Finally, Newbury Comics released a limited 1000 copies on 180 gram translucent gold vinyl. In addition to the foil stamped numbering on the cover it included new liner notes written by Screaming Trees drummer Barrett Martin. They still have copies, so don’t go crazy ordering from resale sights asking for a $100.

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Overshadowed or overlooked, I’m not sure which, but Screaming Trees should have been bigger than they got. Regardless, Sweet Oblivion is sure appreciated and is once again sitting in a spot close to the stereo.

 

“Classic Alternative” Oh for F!%k sakes,…. ! An Opinion Piece…

Running errands with my kids in tow, I was listening to a local radio station when their identification said they play “classic alternative.” Now I’m not meaning to make something out of nothing (yes I am), but – WHAT THE FUCK DOES THAT MEAN!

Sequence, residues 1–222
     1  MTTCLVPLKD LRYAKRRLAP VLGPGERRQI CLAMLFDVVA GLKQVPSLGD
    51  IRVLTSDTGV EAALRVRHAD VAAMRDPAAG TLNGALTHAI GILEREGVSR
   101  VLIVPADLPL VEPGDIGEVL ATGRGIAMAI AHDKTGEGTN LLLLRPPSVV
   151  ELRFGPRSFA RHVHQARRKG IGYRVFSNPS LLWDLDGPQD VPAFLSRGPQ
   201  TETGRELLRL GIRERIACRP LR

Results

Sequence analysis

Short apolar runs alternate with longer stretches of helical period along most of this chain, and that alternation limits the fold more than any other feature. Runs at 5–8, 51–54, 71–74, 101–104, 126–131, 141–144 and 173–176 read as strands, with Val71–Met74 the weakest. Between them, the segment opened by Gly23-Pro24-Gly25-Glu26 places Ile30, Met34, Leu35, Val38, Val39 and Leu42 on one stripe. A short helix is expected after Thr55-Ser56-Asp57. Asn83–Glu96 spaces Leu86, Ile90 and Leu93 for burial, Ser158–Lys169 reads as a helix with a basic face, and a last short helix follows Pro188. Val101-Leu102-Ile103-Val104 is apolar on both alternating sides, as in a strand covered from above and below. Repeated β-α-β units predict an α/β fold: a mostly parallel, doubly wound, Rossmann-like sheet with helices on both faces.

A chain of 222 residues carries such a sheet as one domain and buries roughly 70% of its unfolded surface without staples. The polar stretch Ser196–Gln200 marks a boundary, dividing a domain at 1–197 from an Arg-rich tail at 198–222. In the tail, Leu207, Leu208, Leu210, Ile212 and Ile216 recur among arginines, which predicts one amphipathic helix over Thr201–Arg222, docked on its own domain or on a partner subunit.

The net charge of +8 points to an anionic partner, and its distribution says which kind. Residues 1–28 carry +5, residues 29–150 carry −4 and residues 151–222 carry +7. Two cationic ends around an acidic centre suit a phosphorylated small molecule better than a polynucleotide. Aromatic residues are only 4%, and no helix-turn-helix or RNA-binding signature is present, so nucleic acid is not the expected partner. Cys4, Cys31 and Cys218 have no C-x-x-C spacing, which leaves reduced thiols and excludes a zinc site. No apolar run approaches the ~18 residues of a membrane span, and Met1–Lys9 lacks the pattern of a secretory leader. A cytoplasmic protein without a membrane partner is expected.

“Alternative” as a genre was so broadly based it needed to create a plethora of sub-categories otherwise you wouldn’t know what the hell anyone was talking about. You got shoegazing, grunge, jangle-pop, indie-rock, Britpop, Madchester, industrial, gothic rock, alt-country, adult alternative, and so many more I can’t even remember on the fly because the mere thought hurts my brain.

Sure, I know what the station was getting at… I’m fucking old, and so is that genre tag! Yesterdays ‘alternative,’ was the day before yesterdays ‘classic rock.’ They want me to feel welcomed and nostalgic when I hear Nirvana and say to my kids, “I saw them back in the day.”

“Really, they’re pretty cool, in an old guy kinda way!”

“Oh yeah! This old guy might not pay for your education, if you keep up with that ‘old guy’ crap.”

“Are you sure you should talk that way to an eleven year old dad?”

“When you’re old enough to attempt sarcasm, you’re old enough to hear me say crap brainiac! Now show some respect for your elders you young whippersnapper.”

“What is a whippersnapper?”